Cape Town – The Western Cape High Court has ordered that the seven activists occupying a mansion in Camps Bay have until midday of Thursday next week to vacate the premises – and as long as they comply, no costs will be ordered against them.
Despite urgent relief in the form of an eviction being sought by the property owners as well as the property managing company, Judge Mokgoatji Dolamo did not order the seven members of the We See You Collective to immediately get out of the luxury commercial property.
The group initially moved into the Camps Bay property two weeks ago, under the guise of an online booking for three nights which was fully paid for. Once the three nights were up, they emailed the property agent informing them of the occupation as an act of protest against spatial inequality and the lack of safe spaces for queer people in Cape Town.
Judge Dolamo took into consideration the fact that three of the seven occupiers have been left homeless during the Covid-19 lockdown, and have nowhere else to go once evicted from the current occupation. He paused court proceedings until he had confirmation from the City of Cape Town that emergency alternative housing would be provided for the three. As this housing will only be available from 8 October, that is their deadline to vacate the mansion.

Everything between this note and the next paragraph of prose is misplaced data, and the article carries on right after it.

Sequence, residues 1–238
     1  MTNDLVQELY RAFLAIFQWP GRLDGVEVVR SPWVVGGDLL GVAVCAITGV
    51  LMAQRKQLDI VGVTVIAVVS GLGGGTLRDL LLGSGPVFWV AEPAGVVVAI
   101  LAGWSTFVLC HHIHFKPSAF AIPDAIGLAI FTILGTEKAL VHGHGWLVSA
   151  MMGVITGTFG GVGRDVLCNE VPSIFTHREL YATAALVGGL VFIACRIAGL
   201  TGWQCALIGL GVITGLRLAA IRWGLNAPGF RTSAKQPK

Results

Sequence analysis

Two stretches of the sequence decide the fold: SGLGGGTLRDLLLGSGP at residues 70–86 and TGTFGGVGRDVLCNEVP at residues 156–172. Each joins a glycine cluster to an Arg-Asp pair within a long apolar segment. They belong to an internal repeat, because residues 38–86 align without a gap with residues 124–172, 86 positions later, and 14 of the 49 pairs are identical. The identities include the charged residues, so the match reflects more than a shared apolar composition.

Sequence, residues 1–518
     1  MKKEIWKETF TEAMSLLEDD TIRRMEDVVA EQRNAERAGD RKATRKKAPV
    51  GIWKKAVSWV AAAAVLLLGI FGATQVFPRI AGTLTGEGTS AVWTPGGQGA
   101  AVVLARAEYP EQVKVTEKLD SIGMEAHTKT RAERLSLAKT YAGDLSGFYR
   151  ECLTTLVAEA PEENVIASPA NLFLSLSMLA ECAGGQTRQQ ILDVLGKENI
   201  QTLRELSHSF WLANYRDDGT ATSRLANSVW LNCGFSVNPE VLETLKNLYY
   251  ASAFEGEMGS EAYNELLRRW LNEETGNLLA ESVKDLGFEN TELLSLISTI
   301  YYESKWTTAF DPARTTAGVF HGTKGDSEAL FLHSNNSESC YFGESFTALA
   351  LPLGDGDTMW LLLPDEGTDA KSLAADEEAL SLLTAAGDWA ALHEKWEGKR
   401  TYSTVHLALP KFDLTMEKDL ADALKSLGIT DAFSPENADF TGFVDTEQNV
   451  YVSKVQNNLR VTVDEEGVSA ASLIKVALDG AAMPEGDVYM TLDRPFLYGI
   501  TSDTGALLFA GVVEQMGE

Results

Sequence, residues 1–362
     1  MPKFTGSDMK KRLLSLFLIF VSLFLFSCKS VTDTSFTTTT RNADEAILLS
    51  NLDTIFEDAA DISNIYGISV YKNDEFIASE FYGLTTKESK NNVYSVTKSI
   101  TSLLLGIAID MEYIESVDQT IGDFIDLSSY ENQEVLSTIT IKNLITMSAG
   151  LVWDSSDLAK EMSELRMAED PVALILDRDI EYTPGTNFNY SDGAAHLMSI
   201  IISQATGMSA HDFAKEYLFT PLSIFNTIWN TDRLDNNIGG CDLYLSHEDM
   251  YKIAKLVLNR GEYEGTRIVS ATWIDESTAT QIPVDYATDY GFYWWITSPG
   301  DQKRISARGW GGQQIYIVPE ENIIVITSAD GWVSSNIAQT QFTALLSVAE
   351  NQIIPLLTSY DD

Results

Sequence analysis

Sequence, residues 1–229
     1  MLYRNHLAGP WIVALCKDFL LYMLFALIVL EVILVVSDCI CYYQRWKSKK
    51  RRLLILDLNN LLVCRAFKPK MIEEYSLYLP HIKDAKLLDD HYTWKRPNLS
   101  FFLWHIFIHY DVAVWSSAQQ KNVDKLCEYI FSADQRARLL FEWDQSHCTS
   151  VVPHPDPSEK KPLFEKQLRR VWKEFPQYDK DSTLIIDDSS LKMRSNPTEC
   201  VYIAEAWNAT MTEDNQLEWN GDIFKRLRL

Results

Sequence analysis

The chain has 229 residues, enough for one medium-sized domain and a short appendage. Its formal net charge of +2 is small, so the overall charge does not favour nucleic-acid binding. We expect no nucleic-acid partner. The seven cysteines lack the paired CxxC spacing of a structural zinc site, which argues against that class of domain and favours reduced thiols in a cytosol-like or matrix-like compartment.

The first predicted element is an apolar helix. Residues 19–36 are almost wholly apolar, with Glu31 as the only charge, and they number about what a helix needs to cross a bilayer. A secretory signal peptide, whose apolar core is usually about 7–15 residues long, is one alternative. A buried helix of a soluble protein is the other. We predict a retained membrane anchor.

“The respondents are ordered to vacate the property by not later than 12 noon on the 8 October 2020. There is no order as to cost,” Judge Dolamo ruled on Friday.
“In the event – and only in the event – that the respondents fail to vacate the property and to comply with the order, the sheriff of this court and his deputy are authorised and mandated to execute this order to evict the respondents from the property and to obtain the assistance of the SAPS if necessary. In which event, the respondents are ordered to pay the costs of this application, jointly and severally… including the cost occasioned by appointment of senior counsel, and the sheriff’s costs in executing this order.”
Judge Dolamo has also referred the concerns raised by the We See You Collective to the South African Human Rights Commission and the Commission on Gender Equality.
The seven respondents, who were all present in court and represented themselves legally, celebrated the order as a “small win”.
They would not comment at this stage as to whether they will be complying with the order to vacate the mansion by next week Thursday.